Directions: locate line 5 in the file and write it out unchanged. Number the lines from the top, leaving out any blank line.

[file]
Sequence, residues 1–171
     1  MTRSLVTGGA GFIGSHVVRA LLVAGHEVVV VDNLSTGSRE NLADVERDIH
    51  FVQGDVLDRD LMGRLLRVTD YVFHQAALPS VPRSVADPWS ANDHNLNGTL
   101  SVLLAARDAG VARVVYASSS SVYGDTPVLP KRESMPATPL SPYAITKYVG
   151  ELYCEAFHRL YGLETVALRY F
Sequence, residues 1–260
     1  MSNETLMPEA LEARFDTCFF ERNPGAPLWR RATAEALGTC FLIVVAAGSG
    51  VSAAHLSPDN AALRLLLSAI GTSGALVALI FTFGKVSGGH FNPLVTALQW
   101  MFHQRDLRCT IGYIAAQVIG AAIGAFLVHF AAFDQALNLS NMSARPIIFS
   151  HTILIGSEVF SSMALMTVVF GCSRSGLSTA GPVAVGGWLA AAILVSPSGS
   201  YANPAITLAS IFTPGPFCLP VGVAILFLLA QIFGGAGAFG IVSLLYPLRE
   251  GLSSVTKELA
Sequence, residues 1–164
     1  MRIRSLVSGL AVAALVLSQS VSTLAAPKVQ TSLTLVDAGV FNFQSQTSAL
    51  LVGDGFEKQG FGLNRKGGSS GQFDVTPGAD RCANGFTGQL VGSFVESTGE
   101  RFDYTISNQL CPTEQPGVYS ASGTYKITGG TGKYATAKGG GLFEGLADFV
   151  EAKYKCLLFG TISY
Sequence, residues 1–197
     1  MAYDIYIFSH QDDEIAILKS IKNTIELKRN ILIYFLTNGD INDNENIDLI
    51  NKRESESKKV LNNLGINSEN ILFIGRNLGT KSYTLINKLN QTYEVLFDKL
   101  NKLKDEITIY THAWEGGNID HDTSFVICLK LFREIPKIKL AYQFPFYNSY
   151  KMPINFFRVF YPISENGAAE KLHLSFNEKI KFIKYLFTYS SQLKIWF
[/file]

   151  ELYCEAFHRL YGLETVALRY F